Yeah. And I think you early on said three to four years. And is that fourth year just there in case you need a bit more time for your thesis?

Bhargav 23:40

Sujani 23:41
Okay. So looking back on the program, and kind of that journey that you had maybe before that, did you take three or four years to complete your degree?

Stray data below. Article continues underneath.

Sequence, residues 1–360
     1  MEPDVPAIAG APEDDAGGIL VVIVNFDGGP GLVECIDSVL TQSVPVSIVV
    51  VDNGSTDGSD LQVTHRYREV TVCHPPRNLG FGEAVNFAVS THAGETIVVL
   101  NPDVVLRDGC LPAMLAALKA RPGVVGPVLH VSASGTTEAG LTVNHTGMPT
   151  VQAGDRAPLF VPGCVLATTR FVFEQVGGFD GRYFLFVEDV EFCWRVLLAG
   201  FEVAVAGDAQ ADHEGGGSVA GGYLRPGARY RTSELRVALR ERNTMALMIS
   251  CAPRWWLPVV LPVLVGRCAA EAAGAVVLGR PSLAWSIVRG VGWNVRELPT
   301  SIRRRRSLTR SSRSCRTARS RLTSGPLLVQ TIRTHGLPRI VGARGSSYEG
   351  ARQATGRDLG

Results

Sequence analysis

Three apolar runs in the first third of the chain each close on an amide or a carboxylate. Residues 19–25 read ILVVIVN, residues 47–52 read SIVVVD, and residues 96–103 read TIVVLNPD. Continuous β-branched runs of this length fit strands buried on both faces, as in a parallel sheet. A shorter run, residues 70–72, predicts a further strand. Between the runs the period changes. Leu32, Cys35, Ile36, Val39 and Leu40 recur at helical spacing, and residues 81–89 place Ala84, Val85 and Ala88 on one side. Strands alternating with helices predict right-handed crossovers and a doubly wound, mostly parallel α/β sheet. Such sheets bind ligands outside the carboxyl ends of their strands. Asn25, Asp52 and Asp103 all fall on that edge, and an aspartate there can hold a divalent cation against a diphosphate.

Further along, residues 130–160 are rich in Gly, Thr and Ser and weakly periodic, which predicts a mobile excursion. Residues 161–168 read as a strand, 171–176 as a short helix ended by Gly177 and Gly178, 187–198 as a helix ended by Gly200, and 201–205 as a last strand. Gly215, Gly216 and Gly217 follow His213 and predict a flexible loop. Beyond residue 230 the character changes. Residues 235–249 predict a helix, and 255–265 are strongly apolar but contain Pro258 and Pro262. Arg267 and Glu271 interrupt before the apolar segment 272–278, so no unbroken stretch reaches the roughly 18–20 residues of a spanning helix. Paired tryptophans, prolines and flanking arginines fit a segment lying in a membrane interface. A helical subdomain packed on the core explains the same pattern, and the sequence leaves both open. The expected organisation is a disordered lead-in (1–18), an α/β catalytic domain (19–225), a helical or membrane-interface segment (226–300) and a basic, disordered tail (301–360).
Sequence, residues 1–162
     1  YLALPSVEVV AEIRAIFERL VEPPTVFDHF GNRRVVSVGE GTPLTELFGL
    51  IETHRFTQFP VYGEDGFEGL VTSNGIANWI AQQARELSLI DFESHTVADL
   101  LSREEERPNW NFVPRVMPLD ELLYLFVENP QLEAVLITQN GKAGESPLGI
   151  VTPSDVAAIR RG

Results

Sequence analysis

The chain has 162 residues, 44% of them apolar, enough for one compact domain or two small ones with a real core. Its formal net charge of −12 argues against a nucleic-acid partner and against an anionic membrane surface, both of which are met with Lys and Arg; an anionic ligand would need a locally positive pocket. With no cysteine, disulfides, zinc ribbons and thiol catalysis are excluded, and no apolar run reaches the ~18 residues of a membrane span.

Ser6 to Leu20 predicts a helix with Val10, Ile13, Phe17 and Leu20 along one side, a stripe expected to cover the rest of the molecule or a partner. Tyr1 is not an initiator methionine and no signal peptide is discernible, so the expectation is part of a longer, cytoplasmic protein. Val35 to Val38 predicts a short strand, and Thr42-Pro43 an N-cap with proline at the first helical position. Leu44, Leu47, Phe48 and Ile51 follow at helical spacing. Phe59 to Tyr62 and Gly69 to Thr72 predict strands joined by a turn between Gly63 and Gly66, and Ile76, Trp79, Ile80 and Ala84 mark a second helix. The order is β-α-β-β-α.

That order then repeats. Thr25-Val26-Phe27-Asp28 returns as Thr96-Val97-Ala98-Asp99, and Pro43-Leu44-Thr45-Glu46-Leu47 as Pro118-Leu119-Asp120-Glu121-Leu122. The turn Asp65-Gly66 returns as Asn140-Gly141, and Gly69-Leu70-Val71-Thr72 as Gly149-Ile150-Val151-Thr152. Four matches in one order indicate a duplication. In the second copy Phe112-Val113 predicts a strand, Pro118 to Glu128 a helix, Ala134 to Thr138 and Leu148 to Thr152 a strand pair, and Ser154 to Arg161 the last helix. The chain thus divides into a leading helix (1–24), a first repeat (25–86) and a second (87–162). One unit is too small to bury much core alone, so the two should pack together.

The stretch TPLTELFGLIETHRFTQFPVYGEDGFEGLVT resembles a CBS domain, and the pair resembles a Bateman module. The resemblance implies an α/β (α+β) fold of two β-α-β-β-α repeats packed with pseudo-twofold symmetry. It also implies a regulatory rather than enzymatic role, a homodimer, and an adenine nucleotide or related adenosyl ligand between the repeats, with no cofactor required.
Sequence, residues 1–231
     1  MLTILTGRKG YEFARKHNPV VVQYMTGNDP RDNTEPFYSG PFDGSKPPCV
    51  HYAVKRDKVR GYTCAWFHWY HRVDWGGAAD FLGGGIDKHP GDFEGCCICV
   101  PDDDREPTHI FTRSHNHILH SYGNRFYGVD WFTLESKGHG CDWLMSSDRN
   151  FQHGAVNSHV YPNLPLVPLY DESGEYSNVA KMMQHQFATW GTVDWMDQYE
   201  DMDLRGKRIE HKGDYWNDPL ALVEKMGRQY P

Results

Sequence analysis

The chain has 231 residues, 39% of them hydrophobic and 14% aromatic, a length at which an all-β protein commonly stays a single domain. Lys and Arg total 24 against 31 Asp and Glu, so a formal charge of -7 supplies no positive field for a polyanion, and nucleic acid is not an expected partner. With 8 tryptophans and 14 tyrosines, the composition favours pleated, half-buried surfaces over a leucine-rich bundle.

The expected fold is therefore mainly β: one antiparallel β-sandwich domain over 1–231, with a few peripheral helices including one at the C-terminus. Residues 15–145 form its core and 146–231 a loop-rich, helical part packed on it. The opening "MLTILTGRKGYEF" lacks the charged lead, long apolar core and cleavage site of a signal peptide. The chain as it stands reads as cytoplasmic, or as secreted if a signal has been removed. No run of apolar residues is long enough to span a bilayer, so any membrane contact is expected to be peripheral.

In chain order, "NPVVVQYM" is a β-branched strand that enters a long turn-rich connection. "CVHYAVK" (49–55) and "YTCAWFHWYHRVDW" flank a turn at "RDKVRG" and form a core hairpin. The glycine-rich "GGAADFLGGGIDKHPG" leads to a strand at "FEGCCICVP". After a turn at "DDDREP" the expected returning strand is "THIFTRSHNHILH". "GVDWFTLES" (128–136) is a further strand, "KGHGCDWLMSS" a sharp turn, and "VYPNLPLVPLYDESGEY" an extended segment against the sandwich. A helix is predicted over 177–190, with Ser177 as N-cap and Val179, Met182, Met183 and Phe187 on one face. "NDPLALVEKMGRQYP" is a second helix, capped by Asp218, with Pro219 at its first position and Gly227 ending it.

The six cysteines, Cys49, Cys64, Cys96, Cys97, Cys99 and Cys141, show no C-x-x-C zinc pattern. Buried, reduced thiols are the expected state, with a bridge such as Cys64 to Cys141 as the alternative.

Bhargav 23:49
No, I took three.

Sujani 23:51
Three years. Okay. So when we’re looking back at the three years, what would you say were your biggest learnings, both from a formal classroom learning perspective, but also the informal experiential learning?

Bhargav 24:02
That’s a big question.

Sujani 24:05
The number one thing that comes to mind when you think about those three years that you spent.

Bhargav 24:11